Japan is notorious for its strong emphasis on “humans as resources”: due to its lack of natural resources, Japan instead focuses on forming highly educated and skilled citizens.
Education is perceived as not only defining and embodying many Japanese values, but also as a considerable determinant of careers and futures.
Let us examine the Japanese education system in more detail.
The common Japanese education system is highly structured and categorised, rather like in Germany:
• Nursery (youchien 幼稚園) of three years
• Primary school (shyougakkou 小学校) lasts six years
• Junior high school (chyuugakkou 中学校) of three years *Minimum education required by law
• High school (koutougakkou 高等学校) of also three years
• University (daigaku 大学)
It is not uncommon for one academic year to be made up of over five classes, each with more than forty students; a consequence of Japan’s high population density. School uniforms are often mandatory from junior high onwards, especially in public schools. Non-academic education forms a large part of the Japanese education system, especially in junior high schools. Classes such as home economics, cooking, tailoring and wood/metal work are often compulsory for both sexes. Extra-curricular activities are also often mandatory in Japan, and constitute a large part of Japanese youths’ social lives. Students are encouraged to excel in (at least) one activity, and to also develop strong bonds within the group. These “clubs” (クラブ, 部活動) demand daily participation, both before and after school classes, and sometimes even on weekends.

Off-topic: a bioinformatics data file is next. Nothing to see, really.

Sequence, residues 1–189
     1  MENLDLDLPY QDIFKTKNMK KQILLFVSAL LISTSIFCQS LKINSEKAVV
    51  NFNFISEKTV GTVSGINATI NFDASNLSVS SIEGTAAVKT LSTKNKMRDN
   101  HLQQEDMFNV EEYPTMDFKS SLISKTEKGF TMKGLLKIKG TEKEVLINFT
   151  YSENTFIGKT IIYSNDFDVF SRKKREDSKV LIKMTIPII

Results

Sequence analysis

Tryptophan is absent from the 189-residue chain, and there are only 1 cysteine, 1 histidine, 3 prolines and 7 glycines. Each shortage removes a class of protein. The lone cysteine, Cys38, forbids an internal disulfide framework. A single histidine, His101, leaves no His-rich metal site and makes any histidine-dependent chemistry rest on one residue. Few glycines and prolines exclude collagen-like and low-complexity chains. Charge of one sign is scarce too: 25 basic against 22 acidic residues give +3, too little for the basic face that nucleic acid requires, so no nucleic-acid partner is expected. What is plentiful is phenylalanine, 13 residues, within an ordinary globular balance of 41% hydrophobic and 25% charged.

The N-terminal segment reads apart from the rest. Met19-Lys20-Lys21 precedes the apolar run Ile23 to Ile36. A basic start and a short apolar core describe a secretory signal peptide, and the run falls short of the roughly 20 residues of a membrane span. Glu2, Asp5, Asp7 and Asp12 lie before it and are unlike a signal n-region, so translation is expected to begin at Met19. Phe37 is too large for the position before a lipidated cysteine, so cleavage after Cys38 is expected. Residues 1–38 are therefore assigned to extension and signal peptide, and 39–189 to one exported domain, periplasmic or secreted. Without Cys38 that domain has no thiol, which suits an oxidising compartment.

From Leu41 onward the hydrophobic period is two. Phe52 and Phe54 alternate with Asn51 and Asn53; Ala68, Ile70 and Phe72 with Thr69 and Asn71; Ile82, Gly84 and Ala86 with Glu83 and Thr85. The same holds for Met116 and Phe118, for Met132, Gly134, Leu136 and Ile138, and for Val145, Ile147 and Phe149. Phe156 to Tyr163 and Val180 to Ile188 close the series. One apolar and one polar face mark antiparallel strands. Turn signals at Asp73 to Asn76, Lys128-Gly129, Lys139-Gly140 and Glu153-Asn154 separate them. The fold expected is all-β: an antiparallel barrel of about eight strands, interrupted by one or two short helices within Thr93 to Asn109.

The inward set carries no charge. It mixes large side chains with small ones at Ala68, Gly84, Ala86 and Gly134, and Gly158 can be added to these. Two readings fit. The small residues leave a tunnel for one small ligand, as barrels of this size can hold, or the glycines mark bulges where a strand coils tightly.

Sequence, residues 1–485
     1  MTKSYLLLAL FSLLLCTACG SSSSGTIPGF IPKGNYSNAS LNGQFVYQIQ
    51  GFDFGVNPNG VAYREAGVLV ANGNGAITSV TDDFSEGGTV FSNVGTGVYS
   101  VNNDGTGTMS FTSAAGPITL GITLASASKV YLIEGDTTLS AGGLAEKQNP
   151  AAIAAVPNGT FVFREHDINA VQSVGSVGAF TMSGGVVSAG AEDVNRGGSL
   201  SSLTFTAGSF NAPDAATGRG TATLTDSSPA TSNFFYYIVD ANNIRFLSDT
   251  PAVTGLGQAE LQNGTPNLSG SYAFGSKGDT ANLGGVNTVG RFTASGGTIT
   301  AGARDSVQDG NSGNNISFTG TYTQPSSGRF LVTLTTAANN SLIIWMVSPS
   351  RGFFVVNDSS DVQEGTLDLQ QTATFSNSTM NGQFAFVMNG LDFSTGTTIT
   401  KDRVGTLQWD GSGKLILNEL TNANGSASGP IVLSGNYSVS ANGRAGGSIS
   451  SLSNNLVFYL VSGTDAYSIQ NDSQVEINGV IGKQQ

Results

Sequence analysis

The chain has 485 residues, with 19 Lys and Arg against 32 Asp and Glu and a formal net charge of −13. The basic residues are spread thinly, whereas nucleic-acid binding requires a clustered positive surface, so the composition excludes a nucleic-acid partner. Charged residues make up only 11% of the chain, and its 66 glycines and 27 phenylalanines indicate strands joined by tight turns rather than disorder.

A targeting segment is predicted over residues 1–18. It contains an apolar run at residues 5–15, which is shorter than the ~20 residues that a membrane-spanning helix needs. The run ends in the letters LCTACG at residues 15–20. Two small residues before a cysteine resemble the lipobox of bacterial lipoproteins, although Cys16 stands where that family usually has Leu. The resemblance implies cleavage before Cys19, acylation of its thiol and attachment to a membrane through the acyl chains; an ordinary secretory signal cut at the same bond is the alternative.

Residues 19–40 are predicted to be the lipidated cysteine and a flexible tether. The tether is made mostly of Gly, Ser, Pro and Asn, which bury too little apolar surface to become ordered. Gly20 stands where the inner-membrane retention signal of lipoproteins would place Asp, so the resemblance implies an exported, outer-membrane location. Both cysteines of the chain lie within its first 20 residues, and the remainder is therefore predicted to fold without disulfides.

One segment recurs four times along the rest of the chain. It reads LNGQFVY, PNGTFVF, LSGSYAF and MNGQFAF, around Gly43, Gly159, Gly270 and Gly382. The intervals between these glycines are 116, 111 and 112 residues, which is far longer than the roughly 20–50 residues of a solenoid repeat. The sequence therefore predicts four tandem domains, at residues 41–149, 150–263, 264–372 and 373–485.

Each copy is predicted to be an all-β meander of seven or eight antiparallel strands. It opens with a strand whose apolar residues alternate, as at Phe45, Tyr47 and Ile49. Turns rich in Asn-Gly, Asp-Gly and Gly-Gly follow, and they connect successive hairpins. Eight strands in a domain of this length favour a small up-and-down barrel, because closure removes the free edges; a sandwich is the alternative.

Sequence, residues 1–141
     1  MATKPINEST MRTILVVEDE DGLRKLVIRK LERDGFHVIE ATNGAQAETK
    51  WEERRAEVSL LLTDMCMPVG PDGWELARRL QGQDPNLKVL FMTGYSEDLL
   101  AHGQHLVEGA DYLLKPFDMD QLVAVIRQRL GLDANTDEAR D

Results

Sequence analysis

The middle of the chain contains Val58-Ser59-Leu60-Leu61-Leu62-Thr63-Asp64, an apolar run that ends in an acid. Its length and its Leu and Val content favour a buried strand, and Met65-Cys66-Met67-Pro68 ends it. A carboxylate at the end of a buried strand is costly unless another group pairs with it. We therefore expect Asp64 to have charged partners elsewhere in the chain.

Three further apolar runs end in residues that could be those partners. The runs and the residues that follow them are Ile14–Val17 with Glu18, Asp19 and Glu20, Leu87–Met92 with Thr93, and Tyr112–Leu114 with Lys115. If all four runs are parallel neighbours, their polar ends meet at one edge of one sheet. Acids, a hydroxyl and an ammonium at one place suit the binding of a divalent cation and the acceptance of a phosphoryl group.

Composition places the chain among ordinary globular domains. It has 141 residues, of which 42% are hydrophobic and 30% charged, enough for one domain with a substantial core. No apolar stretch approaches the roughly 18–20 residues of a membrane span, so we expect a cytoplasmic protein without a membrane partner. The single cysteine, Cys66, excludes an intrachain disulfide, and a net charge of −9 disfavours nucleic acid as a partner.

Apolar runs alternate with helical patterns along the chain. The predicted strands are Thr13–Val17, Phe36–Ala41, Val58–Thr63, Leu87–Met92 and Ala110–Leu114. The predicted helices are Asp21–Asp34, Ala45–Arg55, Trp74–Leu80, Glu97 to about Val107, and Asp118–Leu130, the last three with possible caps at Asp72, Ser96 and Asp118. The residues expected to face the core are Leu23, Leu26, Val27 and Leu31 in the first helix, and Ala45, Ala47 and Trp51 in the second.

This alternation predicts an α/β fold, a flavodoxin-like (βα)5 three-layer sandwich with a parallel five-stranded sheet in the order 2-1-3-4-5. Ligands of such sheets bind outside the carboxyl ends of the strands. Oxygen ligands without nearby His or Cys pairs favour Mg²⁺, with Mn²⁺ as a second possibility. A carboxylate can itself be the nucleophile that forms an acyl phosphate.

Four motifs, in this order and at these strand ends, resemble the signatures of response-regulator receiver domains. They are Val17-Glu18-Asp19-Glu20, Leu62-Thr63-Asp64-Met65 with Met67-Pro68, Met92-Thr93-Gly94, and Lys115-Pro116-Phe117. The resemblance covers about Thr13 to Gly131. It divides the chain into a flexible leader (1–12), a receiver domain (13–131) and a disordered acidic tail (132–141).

Doubling, in other words being held back 1 year, is not common in Japan: students move up the education system regardless of what their grades are, and only repeat a year in extreme cases. Often students will form work groups to learn together and support the weaker members.
In the public school system (and some private), students face entrance exams (nyuugaku shiken 入学試験) for junior high, high school and higher education. Some private schools provide education from nursery level all the way to high school (and sometimes even university), in which case there are no entrance exams to worry about – but these are exceptions to the rule. Students are expected to differentiate themselves according to their academic interests, intellectual capabilities and extra-curricular skills with these exams.
This explains Japan’s fixation with “public versus private school” dichotomy (公立対私立): whereas the average Japanese child will attend a public primary school, once they are to start junior high, students (and their parents) strive to become accepted in the “best schools possible”, which is often considered to be private schools. This goes back to the fact that universities, and employers will largely evaluate a potential candidate by their education background. Therefore the more “prestigious” and “expensive” the school attended, the better the candidate’s chances of entering a prominent higher education institution or workplace.
At the university level this order changes again, as the top universities in Japan are still the public ones (e.g. Tokyo University and Kyoto University), though private universities like Keio and Waseda also rank very high.
In the next blog entry, we will discuss the realities of the Japanese education system, and the values the society is teaching to its younger generations.